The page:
Things to Do: Ice Harvesting in Brookfield

January 30, 2009 by  
Filed under Blog, Celebrations, Outdoors

Brookfield floating bridge in winter Photo: Courtesy of John Hughes, photographer.

Post-event note: It is 1 pm as I am writing this and would like to alert readers that the event has ended early, as the ice was not safe for competitions today…
Saturday January 31 – 10:30 am to 2 pm – It’s ice harvesting in Brookfield, Vermont. It is the 30th year that this traditional event takes place and it is one of the last ice harvest festivals in New England. It is also one of the Top Ten Winter 2008/09 Events, according to the Vermont Chamber of Commerce. There will be demonstrations and competitions, ice cutting, ice sculpting, dog sledding, food and more. We are trying to get more information on the exact timing of the various events. Stay Posted! And for more details, you can read the 2001 The Herald article which describes nicely how the ice is prepared for harvesting for several weeks and how it is carried to the ice house.
We had lots of fresh snow in the past couple of days, so the scenery should be spectacular, but dress warm because it is going to be on the chilly side (14F; 0F with the wind chill factor). We’ll definitely be there with our camera!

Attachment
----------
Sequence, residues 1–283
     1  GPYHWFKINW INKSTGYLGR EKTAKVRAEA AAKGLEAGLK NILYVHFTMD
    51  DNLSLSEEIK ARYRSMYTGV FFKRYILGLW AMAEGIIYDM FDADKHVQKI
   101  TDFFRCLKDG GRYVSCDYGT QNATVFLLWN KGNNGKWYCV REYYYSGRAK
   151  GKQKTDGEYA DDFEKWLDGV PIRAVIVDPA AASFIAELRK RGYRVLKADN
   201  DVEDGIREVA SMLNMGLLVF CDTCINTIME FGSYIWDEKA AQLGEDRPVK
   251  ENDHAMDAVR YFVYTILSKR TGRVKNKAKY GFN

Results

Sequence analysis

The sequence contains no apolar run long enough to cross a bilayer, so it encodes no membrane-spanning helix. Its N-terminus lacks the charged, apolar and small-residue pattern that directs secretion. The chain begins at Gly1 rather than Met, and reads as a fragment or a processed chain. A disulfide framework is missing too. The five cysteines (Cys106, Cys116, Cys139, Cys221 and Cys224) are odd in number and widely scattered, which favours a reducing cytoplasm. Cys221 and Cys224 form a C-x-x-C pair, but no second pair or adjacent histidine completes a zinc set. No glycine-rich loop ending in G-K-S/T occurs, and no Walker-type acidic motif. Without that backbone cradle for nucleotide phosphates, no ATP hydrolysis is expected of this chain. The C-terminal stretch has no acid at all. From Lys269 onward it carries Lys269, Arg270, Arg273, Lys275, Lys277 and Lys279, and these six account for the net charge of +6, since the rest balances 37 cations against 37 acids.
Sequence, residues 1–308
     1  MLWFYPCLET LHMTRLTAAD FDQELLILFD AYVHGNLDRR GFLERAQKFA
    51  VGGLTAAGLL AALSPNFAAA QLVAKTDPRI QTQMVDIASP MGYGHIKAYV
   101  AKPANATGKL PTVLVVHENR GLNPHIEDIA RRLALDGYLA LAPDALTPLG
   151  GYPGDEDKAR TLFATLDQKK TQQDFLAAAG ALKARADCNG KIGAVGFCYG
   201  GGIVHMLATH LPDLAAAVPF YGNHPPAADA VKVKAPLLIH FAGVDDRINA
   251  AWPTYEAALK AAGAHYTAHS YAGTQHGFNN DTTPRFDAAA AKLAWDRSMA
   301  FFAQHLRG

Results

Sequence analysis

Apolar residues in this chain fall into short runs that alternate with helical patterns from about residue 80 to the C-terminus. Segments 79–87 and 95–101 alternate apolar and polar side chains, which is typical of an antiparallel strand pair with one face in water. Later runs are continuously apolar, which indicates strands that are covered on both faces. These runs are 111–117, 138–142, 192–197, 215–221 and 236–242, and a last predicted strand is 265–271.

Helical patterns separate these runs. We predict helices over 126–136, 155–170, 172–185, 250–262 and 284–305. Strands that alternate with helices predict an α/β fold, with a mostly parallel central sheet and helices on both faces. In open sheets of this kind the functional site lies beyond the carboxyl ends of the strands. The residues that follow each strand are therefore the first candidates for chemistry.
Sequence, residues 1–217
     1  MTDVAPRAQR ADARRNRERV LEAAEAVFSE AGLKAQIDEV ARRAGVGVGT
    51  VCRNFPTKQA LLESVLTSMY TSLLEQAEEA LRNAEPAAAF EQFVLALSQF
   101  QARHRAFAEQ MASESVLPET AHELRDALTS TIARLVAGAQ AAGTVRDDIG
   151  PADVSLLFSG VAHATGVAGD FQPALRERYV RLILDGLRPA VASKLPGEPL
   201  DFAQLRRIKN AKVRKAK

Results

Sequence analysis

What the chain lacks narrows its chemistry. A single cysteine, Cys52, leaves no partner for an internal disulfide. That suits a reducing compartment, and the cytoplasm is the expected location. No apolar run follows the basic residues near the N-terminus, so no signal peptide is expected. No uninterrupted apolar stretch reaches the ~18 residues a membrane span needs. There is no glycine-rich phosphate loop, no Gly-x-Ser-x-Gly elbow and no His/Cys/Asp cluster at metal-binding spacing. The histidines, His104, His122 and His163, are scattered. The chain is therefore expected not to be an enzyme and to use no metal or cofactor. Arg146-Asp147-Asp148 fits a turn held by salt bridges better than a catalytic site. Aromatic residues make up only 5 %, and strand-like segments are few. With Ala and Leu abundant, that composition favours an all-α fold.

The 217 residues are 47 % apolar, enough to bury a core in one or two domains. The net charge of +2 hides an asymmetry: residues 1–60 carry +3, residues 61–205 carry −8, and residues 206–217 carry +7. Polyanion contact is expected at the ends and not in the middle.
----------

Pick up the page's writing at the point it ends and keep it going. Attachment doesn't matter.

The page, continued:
Note: If you are interested in the history of ice harvesting, don’t miss the ice house at the Justin Morrill Homestead, a Vermont historic site in Strafford, and its exhibit on ice harvesting, including some interesting old photographs. The site is not open in the winter though.

Related article: Brookfield: its Unique Floating Bridge
More information on Brookfield Ice Harvest Festival


Brookfield: its Unique Floating Bridge

Floating bridge - Brookfield 
As you travel south from Montpelier, on route 14, don’t miss the historic floating bridge in Brookfield on route 65. The village is nice and quiet, just like it was in the 19th century, with several houses of interest, including the oldest continually operating library (1791), and of course its unique bridge! First built in 1820, 330 feet in length and supported by 380 barrels (originally wooden barrels), it is said to be the only floating bridge east of the Mississippi. The story goes that one winter a resident had drowned trying to cross the frozen Sunset Lake and that the town had decided to lay down logs all chained together across the pond… When spring came, it simply became a floating bridge, later supported by barrels. Today, if planks and barrels have been replaced several times, the bridge is still standing. Used by both pedestrians and cars until the summer of 2007, it is now closed to car traffic, but you can still get across the lake by foot, get your feet a little wet if you want, and watch the few fishermen trying their luck for trout. Or if you come on the last Saturday of January, you will be able to enjoy one of the last ice harvest festivals in New England, and its ice cutting, ice sculpting, sledding and more!